When we pedaled out of Tolé, we had another break from the sun. Overcast skies were always welcomed! But overcast skies turned into sheets of rain as the day wore on, and we were forced to take shelter under a roadside construction tent. We tried our best to make it to Santiago, but with heavy rains coming in over the course of the afternoon, we were unable to pedal the final 20 or so miles, and had to hitch a ride to meet our friends Paco and Stephanie.
Escaping the heat in Santiago
In Santiago we met up with our friends Paco, Stephanie and their daughter Maya, as well as their friends Kayla and Earl. It was great spending time with two wonderful families for a couple days at Kayla and Earl's house in Santiago before heading onto Panama City. The highlight for us was visiting a natural swimming hole near Santiago, where we enjoyed an entire afternoon of swimming, splashing, diving and floating in the cool refreshing waters. Anything to escape the heat!
onto panama city
We caught a ride with Paco, Stephanie and Maya back to Panama City. Even though our time there was short, visiting with them and and meeting Stephanie's lovely parents was nothing short of wonderful. We cooked dinner, played music and went out on the town together. Stephanie and Paco both work at the US embassy doing interesting legal and cultural diplomatic work. They generously put us up in a beautiful hostel near their apartment, where we rested, worked on our blog and prepared for our flight to Colombia. We can't believe this was the end of the road in Central America -- what an amazing experience it has been!
on leaving central america
Cycling Mexico and Central America was nothing short of awe-inspiring, life-changing and rich. From the wild, big city roads to blissfully quiet countrysides, camping on beaches and fincas and family compounds and even some gas stations. From the days we spent pushing our bikes up too-steep hills to the nights we spent cowering in our tent amid lightning and thunderstorms. I can't pick favorites because every place was rich in its own way, but this family was one of the handful that we will never forget. We met them outside of Usulután, El Salvador, and they invited us to stay the night under their portal to escape the rain when we stopped for mangos outside their house. We spent several hours chatting with them about the woman's eldest daughter's harrowing experience with coyotes (human traffickers) smuggling her into the United States. It was clear this family didn't have much, but when we showed up at their door, they greeted us with open arms, fed us and made us feel right at home. This kind of treatment was entirely characteristic of most of the people we met in Mexico and throughout Central America. They'd give you the shirt off their back and then ask if you're hungry. In the nearly 8 months we spent cycling, we never felt we were in danger... except the night we camped in that lightning storm. The people though? Filled with generosity.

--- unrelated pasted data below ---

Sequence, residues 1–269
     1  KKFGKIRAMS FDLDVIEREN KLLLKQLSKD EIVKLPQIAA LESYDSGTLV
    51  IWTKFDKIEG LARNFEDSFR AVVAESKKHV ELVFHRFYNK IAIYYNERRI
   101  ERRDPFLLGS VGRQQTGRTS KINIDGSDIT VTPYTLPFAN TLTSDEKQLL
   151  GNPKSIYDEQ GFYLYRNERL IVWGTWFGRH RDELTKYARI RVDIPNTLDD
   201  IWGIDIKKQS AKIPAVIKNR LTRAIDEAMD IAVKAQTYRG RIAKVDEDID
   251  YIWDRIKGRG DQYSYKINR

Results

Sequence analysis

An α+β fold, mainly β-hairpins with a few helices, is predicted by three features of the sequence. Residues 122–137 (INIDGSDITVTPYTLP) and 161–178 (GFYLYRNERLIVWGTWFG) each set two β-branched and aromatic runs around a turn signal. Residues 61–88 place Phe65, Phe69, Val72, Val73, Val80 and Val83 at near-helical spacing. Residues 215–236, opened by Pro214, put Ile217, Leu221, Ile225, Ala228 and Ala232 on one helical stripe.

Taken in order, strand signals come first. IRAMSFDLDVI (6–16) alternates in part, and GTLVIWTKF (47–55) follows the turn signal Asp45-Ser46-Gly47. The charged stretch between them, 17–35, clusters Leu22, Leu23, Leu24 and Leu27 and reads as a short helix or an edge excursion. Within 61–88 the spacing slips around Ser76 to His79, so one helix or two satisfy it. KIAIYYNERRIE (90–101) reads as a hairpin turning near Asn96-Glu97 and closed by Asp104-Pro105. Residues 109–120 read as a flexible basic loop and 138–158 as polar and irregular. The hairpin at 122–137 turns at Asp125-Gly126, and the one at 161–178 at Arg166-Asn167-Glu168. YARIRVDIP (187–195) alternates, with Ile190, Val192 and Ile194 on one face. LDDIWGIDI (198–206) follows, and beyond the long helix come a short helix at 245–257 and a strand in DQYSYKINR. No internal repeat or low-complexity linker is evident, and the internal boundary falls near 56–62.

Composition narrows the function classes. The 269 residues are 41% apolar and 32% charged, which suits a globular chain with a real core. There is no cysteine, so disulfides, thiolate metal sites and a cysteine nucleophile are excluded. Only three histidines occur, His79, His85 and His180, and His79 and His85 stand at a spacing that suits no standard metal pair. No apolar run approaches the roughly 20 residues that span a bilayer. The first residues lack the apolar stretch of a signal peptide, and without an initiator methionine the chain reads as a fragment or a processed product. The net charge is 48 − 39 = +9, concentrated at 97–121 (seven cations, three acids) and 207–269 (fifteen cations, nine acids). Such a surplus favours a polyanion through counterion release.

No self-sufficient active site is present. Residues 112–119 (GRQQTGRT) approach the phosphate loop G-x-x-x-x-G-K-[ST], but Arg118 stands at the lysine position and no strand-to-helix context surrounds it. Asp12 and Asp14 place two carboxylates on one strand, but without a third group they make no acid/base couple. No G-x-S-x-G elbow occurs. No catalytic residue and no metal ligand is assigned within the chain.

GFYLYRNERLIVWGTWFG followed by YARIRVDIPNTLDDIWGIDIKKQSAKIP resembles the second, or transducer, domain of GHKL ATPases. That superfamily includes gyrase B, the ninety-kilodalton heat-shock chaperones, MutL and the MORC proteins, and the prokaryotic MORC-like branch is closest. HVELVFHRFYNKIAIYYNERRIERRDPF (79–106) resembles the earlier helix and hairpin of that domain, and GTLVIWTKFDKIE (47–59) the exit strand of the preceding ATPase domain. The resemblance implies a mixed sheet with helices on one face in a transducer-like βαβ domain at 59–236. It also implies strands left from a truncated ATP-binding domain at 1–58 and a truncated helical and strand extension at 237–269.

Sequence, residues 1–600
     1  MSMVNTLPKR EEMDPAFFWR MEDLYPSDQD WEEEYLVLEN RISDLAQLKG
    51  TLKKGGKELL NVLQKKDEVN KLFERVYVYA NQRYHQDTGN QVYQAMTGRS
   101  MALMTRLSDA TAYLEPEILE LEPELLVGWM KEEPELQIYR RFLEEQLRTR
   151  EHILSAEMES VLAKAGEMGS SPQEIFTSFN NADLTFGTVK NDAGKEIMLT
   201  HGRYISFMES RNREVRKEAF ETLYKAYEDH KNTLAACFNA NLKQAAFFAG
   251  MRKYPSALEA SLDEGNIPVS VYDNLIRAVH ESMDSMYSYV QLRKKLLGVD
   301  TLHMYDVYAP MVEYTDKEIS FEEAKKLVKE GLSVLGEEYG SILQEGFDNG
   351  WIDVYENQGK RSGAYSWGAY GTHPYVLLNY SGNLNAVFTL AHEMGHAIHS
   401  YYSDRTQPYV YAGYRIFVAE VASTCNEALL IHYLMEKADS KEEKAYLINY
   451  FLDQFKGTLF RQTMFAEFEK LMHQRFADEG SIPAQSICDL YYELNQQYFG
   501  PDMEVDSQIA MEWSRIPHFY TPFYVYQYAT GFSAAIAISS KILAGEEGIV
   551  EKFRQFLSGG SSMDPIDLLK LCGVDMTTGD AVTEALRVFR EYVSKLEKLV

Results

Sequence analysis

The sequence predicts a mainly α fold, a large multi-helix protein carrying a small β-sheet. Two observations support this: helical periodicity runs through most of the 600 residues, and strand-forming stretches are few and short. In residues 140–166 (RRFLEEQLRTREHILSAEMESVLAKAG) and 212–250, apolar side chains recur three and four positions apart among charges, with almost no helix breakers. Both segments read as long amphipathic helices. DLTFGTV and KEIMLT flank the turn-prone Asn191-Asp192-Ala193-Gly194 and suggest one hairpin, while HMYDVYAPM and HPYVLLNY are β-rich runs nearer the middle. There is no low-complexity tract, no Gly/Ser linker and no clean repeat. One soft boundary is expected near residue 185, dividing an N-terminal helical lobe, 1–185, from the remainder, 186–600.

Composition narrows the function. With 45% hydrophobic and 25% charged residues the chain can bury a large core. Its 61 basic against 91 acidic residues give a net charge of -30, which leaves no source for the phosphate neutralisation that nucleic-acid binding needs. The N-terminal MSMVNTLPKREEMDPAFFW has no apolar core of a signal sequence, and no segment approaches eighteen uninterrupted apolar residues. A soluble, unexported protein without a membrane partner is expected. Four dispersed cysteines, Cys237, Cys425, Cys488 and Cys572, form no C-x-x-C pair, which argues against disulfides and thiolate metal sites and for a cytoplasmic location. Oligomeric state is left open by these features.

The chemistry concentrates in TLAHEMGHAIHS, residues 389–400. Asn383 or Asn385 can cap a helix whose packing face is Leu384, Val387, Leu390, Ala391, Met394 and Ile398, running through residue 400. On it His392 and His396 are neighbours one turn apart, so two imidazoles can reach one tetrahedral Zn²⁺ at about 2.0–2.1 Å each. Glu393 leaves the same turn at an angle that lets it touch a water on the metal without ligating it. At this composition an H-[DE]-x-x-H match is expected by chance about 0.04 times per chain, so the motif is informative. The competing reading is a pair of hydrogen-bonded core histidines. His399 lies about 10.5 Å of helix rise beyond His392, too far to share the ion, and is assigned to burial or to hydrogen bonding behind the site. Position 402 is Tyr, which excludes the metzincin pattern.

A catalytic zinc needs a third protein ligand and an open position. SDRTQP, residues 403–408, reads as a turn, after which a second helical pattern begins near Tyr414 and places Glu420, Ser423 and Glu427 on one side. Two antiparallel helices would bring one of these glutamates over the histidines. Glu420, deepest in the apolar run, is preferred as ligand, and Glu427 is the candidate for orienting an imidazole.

After cycling about 5,000 miles, we are now waiting to board our plane to Colombia to begin the South American adventure. It has been a humbling and beautiful experience so far and we can't wait to see what awaits us down south. Thank you to all who helped get us here, from donating to hosting and feeding us along the way. We mean it when we say we could not have gotten this far without your love and support.